The disabling effects of anxiety disorders

The disabling effects of anxiety disorders

Anxiety disorders are a group of different conditions with anxiety as their common core. Recent studies have exposed the surprising prevalence of anxiety disorders in modern society, a hidden epidemic now known to affect over 10 per cent of North Americans at some point in their lives. The word anxiety comes from the Greek “to constrict,” capturing the strong physical sensations of tightness prominent in anxiety disorders.

Distinguishing normal anxiety from true anxiety syndromes Some anxiety is a normal part of human existence, but if it is debilitating enough to undermine everyday activities it may be a clinical anxiety disorder. There is a profound difference between normal anxiety as a protective human response and anxiety as a psychiatric disorder. Fear is a normal, biologically adaptive reaction to real danger. By contrast, unfounded or unrealistic anxiety is a maladaptive, vague fear of hostility, of danger “around every comer” even when there’s no real threat. Whether or not any real danger exists, fear arouses the body’s autonornic (involuntary) nervous system. It evokes the “flight or fight” response, accelerating the heartbeat, preventing sleep and putting all senses on the alert. The hormone, norepinephrine, dilates the pupils, increases sweating, makes the hair stand on end and diverts blood to the working muscles. In anxiety disorders there is a similar but uncalled-for “flight-fight” response, triggering norepinephrine production when there’s nothing to fight or flee from. Anxiety that’s disproportionate to reality can become a serious health problem. Human beings will not endure intense anxiety for long without feeling ill or developing a “phobic” avoidance of the fear-arousing situations or events. If anxiety abolishes the ability to function normally, it requires professional help. Unresolved or untreated anxiety problems may lead to clinical depression, alcoholism and suicidal tendencies.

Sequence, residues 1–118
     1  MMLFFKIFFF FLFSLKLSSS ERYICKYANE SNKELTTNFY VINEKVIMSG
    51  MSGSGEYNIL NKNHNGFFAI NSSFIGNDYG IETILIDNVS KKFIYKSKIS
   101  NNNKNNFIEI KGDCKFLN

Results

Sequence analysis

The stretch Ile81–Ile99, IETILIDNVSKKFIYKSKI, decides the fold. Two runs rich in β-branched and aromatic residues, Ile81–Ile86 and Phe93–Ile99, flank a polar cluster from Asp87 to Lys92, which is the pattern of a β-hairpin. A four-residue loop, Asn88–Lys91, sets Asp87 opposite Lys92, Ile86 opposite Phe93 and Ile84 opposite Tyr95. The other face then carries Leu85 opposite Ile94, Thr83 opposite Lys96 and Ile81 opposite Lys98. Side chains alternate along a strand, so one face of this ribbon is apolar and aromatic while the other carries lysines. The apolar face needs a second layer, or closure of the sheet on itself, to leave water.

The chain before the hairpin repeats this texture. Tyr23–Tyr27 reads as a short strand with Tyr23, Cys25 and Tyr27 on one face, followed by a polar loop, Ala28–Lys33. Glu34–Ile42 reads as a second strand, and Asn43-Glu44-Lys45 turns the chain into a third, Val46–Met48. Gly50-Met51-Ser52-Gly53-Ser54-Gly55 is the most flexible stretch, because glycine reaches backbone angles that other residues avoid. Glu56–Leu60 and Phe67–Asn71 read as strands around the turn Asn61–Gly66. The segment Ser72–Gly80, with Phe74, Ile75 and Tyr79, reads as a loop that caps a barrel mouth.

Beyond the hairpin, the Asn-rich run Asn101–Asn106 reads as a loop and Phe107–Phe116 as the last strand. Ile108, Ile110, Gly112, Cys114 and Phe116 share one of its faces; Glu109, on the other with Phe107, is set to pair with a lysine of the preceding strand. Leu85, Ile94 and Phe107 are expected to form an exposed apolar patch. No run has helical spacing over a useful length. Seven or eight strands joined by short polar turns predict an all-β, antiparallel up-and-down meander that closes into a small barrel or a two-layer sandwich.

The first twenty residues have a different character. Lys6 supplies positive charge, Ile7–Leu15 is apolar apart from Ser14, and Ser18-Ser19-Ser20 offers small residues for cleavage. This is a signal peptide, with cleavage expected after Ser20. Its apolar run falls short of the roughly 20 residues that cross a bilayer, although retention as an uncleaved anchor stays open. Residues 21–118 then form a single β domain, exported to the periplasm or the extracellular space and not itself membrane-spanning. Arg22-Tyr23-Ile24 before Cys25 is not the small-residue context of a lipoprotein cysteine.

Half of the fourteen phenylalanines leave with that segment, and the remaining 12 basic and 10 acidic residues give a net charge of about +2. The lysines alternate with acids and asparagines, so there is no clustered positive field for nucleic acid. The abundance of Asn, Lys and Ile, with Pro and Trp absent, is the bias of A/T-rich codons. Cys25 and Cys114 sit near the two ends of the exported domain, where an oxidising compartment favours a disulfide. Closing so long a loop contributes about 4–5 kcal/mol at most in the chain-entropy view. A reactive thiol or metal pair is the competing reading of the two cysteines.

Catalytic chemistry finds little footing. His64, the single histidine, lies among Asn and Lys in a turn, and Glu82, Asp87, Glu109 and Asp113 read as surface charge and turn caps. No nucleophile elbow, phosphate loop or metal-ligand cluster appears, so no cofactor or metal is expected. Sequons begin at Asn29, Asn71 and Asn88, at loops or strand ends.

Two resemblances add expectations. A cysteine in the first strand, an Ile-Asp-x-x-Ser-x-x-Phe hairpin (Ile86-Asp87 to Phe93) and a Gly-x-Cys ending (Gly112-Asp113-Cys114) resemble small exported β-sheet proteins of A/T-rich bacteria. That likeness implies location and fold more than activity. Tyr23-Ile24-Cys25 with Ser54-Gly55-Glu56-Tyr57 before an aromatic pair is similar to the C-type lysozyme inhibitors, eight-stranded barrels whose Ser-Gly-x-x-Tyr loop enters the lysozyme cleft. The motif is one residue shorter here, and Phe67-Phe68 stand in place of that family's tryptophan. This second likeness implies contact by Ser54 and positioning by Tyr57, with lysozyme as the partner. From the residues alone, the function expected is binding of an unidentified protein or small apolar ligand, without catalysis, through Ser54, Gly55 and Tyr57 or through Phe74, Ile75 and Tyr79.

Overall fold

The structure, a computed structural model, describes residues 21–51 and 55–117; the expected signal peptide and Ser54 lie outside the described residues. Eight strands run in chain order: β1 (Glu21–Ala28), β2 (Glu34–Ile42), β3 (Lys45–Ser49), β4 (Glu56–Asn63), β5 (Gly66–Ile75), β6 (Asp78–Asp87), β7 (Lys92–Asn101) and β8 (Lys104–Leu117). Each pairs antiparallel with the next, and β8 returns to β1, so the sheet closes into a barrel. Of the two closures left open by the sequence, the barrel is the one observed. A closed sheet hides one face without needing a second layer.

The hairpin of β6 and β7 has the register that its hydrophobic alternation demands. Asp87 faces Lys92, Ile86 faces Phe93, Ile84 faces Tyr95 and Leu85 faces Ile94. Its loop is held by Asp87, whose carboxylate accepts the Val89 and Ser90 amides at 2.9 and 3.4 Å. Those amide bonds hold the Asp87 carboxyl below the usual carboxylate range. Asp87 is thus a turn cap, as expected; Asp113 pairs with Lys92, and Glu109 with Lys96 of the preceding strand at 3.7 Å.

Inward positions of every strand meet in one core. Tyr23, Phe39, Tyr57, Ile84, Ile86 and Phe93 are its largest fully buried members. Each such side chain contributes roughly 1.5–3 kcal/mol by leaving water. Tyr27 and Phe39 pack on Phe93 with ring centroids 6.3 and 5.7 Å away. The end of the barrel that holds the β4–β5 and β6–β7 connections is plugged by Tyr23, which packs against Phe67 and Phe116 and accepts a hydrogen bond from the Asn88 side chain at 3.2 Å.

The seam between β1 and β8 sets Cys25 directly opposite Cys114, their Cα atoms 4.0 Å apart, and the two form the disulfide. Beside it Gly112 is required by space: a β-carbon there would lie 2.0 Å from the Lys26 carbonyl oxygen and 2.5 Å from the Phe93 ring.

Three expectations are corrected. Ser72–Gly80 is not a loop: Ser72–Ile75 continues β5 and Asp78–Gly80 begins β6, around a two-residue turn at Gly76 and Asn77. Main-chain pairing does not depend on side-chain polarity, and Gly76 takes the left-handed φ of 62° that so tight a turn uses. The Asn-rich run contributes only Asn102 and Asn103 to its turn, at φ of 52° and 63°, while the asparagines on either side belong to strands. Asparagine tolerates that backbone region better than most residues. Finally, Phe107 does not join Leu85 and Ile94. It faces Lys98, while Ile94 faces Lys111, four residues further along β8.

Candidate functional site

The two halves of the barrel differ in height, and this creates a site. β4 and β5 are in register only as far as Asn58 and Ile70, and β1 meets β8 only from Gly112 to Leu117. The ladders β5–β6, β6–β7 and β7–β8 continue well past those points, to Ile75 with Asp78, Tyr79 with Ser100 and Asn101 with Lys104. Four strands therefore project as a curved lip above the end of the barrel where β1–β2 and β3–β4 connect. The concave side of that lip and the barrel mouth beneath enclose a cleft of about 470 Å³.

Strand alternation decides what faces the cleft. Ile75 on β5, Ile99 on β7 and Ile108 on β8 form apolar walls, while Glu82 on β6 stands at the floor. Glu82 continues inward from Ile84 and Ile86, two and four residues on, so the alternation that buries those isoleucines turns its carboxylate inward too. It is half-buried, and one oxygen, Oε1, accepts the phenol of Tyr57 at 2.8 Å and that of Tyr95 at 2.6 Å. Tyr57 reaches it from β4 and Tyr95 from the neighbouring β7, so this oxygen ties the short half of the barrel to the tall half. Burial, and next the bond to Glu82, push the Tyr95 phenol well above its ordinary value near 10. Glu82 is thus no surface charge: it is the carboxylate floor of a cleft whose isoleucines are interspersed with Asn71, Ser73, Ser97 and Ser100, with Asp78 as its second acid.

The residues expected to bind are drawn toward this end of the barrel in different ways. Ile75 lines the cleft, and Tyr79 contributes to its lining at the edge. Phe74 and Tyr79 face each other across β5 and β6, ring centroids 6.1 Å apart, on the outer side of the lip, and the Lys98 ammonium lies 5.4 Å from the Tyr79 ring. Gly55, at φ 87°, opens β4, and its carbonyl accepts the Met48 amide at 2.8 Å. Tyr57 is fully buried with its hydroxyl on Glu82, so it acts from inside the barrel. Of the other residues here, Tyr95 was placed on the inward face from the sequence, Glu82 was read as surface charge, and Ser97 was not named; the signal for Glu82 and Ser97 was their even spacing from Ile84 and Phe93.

Anxiety disorders include:

* panic disorder;

* agoraphobia;

* generalized anxiety disorder (GAD);

* post-traumatic stress disorder (PTSD);

* simple phobia;

* social phobia;

* obsessive-compulsive disorder (OCD).

NB: Although each anxiety disorder is distinct, with its own set of symptoms, different forms can coexist.

Anxiety disorders more disabling that hitherto recognized